Every teacher wants to have positive relationships with their students. Those that don’t are simply in the wrong field. Those teachers that make a real impact are those who are entrenched in the community they serve. They are at the school sports games, communicate with parents regularly, supervise extracurricular activities, and do so much beyond their job description.
The teachers we remember the most in our school days are often those that took a personal interest in us. They are the ones who pushed us because they believed in us. They are the ones who told us we could do more than we thought possible.
But what happens when the students want to get to know the teacher more? They spend hours and hours with the same person all year. It’s only natural that they would want to know their teachers’ interests, hobbies, and passions.
Enter me, in 2013. Señor Rico. High school Spanish teacher in South Central LA, an area protrayed in media as an incubator of drugs and violence. (Have you played Grand Theft Auto V yet?) Maybe not the best place to come out to students.
Teachers around my age were getting engaged and married left and right and female teachers took maternity leave at such a fast rate it made pregnancy seem contagious. Naturally, as this was happening, students began to wonder what was up with Señor Rico.
“Where’s Rica?” became the question of the day at each graduation, dinner, prom, school dance, or any formal event. At each outing, I got to meet all my colleagues’ significant others and spouses. It became strikingly clear I was one of the only single teachers in school. Students drew their own conclusions.
It wasn’t until I’d been a teacher at my school for five years that I decided to come out to my students. It wasn’t an easy decision. I don’t think it ever is, no matter the context. I knew that once I said I was gay, there would be no way to take it back.
I’d like to say that I didn’t care what students thought about me. But, I can’t help but care after spending so much time with them. Would their opinion of me change? I had great relationships with my students. It was the thing I enjoyed the most about the job. I didn’t want to lose that.
Nonetheless, I had to be honest with myself. I felt like I had been lying to students all these years, saying it just wasn’t time for me to get married or that I’d just hadn’t found the right “lady.” I changed excuses as often as I changed ties.
I drew inspiration from Harvey Milk’s philosophy behind coming out. He says, “Once they realize that we are indeed their children, that we are indeed everywhere, every myth, every lie, every innuendo will be destroyed once and all. And once you do, you will feel so much better.” I had to insert his direct quote because, honestly, I couldn’t have stated it any better.
My students needed to know having a gay teacher was something normal. I was still the same teacher they knew and loved. I just happened to date men instead of women and that had nothing to do with my work. I also wanted to encourage gay students to come out and be comfortable with themselves.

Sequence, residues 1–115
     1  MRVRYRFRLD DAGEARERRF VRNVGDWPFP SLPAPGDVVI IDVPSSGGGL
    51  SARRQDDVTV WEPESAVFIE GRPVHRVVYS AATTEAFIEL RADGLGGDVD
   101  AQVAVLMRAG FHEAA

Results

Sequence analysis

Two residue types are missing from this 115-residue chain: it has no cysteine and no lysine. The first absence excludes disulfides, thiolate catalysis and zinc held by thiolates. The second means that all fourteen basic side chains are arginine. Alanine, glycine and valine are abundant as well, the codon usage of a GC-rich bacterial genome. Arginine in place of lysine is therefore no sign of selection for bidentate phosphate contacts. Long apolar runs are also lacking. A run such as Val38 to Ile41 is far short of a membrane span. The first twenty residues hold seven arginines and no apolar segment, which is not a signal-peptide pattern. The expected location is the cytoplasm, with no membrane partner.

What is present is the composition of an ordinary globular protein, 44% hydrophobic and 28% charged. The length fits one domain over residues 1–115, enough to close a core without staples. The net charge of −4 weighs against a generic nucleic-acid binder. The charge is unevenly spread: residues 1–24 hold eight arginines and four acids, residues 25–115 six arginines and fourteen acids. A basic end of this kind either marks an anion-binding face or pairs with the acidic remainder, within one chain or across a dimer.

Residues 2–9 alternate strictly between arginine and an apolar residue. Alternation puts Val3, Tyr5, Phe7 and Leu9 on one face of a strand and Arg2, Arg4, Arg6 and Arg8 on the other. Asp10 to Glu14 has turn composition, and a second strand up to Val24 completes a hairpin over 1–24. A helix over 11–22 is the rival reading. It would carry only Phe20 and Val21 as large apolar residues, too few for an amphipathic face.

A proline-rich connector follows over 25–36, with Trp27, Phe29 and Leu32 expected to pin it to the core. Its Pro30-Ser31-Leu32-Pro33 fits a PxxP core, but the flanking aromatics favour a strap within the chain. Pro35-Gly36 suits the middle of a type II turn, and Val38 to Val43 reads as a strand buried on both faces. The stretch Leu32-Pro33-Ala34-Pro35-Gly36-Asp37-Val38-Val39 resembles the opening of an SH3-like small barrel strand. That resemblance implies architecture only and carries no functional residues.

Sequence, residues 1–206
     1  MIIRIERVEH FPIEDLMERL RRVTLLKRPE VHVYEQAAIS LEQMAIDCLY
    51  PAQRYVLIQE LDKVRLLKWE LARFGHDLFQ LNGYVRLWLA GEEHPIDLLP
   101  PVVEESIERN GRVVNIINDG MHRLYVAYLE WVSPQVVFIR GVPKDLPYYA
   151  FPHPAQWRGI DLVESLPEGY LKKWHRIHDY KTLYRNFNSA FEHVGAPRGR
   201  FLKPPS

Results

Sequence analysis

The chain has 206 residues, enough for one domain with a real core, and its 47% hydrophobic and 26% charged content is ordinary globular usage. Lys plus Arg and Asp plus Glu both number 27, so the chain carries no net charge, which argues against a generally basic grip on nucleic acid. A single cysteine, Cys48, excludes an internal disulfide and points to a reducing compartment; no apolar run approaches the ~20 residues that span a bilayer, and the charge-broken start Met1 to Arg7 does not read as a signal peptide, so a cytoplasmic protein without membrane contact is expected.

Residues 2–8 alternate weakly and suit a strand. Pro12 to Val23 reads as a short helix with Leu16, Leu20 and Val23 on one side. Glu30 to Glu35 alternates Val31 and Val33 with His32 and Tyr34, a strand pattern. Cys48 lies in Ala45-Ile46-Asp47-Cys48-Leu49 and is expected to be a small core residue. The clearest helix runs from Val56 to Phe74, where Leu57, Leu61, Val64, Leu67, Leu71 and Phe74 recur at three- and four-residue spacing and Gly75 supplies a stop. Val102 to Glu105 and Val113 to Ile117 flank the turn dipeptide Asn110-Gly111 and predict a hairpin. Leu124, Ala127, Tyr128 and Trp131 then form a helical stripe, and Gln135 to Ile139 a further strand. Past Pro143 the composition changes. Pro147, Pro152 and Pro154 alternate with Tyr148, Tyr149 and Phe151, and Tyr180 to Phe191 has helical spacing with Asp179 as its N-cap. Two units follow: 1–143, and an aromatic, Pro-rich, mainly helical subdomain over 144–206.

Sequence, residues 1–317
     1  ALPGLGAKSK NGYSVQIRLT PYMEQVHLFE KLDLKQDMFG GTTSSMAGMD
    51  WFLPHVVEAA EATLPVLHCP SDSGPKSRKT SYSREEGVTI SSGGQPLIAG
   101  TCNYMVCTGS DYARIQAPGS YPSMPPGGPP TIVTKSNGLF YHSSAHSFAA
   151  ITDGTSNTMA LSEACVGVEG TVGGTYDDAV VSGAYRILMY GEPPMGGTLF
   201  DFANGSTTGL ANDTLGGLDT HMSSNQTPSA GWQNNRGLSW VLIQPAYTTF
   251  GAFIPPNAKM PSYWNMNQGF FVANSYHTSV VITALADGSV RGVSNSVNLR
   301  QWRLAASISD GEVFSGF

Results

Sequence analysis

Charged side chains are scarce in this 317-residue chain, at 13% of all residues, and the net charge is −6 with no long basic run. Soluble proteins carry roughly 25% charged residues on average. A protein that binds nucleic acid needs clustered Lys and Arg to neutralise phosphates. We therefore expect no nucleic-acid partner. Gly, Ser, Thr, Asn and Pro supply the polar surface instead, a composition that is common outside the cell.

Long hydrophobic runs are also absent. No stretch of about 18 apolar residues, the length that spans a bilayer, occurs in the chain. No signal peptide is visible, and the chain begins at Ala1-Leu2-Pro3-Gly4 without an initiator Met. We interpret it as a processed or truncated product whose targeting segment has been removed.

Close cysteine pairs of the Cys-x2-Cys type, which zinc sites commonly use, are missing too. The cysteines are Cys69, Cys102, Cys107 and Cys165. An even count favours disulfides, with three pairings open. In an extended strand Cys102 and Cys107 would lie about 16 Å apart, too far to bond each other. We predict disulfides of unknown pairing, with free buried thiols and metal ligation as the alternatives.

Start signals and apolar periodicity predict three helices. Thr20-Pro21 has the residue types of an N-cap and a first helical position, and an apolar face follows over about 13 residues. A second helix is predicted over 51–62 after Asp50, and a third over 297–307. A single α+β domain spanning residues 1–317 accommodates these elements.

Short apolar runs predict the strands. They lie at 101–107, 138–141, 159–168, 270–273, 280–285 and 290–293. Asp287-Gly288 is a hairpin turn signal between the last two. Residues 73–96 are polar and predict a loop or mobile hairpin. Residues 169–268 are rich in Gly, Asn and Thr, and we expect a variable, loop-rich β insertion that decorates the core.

So, one day in late January, I decided to make the announcement to my classes. At the end of the lesson, I asked for everyone’s attention and let them know I had something personal to share. I swear I’d never had such a captive audience all year. I wanted to shout “Oh, now you listen.” Maybe I should invent some “personal announcement” every day.
I prefaced the statement by saying how mature I believed all my students to be and how much I trusted them. And after a pause, I told them I was gay. A few minutes remained before the end of class. I’m not sure what I expected to happen but it certainly wasn’t the round of applause I got. I was grateful for such wonderful students and wanted to hug them all as they exited the class. By the way, I said everything in Spanish, which made the moment even more awesome.
By the last period of the day, the news had lost its luster. The whole school knew by then. Lunch time was like a press conference in high school. The announcement went viral. The only thing that was missing were students running through the hallways shouting “Extra, extra” with folded newspapers in their hands.
One of the most meaningful moments was when one female senior came to my classroom after school. She wanted to tell me she was proud of me for having the courage to divulge my secret. I thanked her but couldn’t help but notice the irony of the situation. I was the teacher here. Wasn’t I supposed to be the one that was proud of her…for her good grades or something?
If I were a teacher 20 years ago, I don’t think I would have been able to have had this kind of moment. I’d also be pushing 50 by now, but that’s beside the point.
High school is a raw indicator of American society. If outrageous homophobia, racism, fat-shaming, and all the other forms of discrimination exist in here, chances are high they do outside as well. But, things aren’t like they used to be. We still have a long way to go but let my anecdote be a little encouragement that American is a little more accepting of difference.
Now conversations about my class go something like this:
Inquisitive student: Is it true that Señor Rico is gay?
Sassy student: Yeah, and you’d best believe you’ll be learning some serious español in his class. And it’s fun, too.
I can live with that.